Video storytelling with Android phones

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A photograph of a clapper board.

We know that story telling is an important form of communication, but telling that story can be difficult. How do you best capture the story you want to tell in a way that will reach the most people and in the most interesting way? If you were thinking “through a video” then you have read our mind. 

But if you’re anything like us, while you believe video is the best way to tell your story, you don’t actually know how to go about making a video and you have a limited budget. 

A man standing in front of a banana tree looking at a tablet he is holding in his hand and smiling.

We have put this guide together to help you put together the best video possible using the resources you have at your disposal. You will not only learn the best way to film, but also walk-throughs on how to craft a narrative, plan your scenes, edit your video and more. 

Video storytelling can be used to attract funders, raise public awareness, grow your community, the sky is the limit.  Regardless of the purpose for your story, the tools for creating it and the method of creation will remain the same. 

Pre-Production (planning and organizing)​

Step 1: Establish your cast of characters

When deciding who to include in your film, you will want to take into account who has the most passion for your topic and the most compelling story to tell. You’ll also want to pay attention to how they come across on camera. People with expressive faces, who are animated when they speak, are authentic and articulate will be more engaging for your audience to watch than someone who is more timid or stoic. You also want to choose people who are trust worthy. Will they show up to your scheduled shoots and will they tell the truth when you interview them. Working with people who are unreliable will add additional, stress to your project and can also cause costly delays.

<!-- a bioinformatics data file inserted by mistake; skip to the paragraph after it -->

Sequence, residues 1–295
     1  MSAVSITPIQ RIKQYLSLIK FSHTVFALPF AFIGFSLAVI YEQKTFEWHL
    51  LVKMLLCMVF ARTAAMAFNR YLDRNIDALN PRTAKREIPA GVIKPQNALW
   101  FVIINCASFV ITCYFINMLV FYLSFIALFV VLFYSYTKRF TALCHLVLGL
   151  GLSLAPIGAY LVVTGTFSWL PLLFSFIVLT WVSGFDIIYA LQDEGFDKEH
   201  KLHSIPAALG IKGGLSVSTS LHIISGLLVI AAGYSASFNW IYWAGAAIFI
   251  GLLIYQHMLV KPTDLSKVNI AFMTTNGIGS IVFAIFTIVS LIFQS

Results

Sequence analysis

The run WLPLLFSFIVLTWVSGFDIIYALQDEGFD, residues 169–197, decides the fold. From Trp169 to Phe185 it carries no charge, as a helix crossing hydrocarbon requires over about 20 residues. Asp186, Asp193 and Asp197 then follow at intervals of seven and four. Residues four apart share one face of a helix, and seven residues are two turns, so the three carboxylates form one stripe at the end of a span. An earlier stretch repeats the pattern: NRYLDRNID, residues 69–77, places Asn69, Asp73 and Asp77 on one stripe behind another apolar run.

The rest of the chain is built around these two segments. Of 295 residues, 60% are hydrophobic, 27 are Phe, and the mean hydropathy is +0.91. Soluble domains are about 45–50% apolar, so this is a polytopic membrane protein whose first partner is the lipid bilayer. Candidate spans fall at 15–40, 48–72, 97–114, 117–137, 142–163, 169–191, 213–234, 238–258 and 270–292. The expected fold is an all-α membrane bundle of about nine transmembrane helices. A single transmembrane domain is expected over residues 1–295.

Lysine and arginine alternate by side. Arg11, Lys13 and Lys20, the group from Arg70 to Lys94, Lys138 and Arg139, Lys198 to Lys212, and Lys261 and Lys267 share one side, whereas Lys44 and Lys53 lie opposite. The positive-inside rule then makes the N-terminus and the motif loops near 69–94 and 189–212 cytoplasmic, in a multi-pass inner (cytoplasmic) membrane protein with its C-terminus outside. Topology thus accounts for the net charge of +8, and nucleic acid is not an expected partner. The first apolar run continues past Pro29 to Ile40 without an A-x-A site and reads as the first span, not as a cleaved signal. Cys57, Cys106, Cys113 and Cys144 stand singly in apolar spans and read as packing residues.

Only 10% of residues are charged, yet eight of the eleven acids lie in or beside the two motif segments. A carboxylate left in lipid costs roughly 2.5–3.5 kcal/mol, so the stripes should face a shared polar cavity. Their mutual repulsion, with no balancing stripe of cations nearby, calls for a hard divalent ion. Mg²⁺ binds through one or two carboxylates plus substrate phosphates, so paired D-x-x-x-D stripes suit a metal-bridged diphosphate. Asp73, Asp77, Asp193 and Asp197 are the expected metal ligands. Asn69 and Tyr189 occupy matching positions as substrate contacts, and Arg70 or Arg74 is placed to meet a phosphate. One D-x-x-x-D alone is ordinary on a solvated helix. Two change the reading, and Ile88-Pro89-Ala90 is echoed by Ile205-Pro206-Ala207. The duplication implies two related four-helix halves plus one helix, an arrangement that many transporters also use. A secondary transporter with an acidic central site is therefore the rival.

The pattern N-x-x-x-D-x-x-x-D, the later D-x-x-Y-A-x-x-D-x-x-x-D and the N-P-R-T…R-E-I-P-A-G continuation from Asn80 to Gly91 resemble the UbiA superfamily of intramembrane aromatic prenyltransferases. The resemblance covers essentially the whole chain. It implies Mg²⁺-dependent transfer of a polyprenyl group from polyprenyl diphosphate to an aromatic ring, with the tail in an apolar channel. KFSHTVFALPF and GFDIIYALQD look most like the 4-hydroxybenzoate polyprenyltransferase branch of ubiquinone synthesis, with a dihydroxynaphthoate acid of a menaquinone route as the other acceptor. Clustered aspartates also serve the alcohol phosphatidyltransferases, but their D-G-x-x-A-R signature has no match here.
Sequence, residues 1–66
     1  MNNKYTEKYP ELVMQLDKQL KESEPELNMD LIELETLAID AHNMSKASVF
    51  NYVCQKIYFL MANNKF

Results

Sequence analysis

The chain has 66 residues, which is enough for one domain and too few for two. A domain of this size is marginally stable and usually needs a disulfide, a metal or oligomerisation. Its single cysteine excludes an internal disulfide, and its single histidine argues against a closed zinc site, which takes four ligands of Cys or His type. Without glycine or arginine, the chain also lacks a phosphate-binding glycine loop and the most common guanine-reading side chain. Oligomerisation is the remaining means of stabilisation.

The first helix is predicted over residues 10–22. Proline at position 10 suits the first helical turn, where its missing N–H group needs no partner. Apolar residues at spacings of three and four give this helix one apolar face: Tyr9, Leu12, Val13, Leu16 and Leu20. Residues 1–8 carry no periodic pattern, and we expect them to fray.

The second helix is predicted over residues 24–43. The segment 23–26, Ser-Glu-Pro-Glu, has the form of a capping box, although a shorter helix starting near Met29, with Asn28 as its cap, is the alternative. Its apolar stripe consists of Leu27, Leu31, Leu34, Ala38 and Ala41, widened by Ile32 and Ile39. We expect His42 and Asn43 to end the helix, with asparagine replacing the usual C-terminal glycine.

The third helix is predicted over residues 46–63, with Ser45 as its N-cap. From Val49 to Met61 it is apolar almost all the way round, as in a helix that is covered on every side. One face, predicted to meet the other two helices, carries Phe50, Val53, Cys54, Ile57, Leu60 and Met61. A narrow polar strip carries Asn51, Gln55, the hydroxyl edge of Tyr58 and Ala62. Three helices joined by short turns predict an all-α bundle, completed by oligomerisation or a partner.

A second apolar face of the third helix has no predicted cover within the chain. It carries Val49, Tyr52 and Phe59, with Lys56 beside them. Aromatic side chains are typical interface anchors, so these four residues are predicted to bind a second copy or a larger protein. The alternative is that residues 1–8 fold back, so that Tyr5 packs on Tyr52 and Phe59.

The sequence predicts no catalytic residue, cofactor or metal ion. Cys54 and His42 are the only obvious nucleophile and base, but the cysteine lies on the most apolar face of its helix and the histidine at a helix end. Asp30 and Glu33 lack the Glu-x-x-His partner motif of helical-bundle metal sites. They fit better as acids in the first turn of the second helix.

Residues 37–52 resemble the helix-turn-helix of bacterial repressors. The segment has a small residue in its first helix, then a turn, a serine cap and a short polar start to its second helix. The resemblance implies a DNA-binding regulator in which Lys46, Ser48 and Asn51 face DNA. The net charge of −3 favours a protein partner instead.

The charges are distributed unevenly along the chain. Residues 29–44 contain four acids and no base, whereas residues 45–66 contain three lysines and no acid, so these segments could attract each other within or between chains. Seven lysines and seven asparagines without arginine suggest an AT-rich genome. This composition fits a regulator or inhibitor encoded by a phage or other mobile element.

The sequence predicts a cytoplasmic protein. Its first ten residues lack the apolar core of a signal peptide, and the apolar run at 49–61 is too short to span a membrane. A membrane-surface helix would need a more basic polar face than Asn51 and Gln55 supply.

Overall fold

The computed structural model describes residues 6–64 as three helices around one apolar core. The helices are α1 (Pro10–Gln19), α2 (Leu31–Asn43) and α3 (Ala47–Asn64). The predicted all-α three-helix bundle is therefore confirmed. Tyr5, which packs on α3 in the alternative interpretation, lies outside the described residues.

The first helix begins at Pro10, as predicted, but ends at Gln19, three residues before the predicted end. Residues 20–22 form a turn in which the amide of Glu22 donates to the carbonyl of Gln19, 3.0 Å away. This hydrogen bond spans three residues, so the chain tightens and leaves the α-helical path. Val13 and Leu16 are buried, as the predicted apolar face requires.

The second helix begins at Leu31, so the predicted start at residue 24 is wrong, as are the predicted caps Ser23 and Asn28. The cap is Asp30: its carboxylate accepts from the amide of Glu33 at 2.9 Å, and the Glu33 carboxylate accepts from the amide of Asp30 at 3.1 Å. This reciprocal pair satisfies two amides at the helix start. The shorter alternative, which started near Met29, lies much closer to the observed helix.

Once you have decided on who you want to include you’ll need to determine how they will be included. Will you be interviewing them? Will you be following them around as they go about their daily activities. How many times will you need to interact with them. All of these logistics will play into how you scheduled your shoots as well as if and how you will compensate those appearing in your film.

Lastly, make sure you have everyone appearing in your film sign a consent form agreeing to be on film and that they are okay with you distributing the film. It’s important to have written consent to avoid any potential confusion down the line.

Once you have determined who will be in your film, how they will be appearing, if they will receive compensation and obtained written consent you are ready for the fun part. Bringing your vision to life!

Step 2: Define your purpose

When determining the plot for your film, you’ll need to determine what purpose your film serves. What is your thematic statement, meaning what message are you trying to get across? Keep in mind that in documentaries you will not write a traditional script so it’s important that you are very clear on the purpose of your film and the message you are conveying. Additionally you’ll want to know exactly what the aspects of your subject are that beg to be explored and which elements of the subject the audience will care the most about and find compelling. This will help you get the footage you need in order to tell a cohesive and meaningful story that will engage and motivate audiences. Speaking of footage, figure out in advance if there is existing footage or photos you can use or if you will be shooting all brand new film.

Step 3: Plot out your story

Your story structure will help you conceptualize the story you wish to tell using the main characters and key story points (the issue that underlies your film, the purpose of your film and the main character’s goal) that you’ve come up with. It will guide you in what footage you decide to shoot, who you choose to interview outside of your main character/characters and the questions you plan to ask. Don’t get too caught up in the details when thinking through the structure, “guide” is the key word. You won’t know the actual story until after you’ve done the filming. It’s perfectly okay and sometimes even better if the story you end up with is different than the story you planned on having. But before you cross that bridge, here are things to think about when creating a story structure for your film.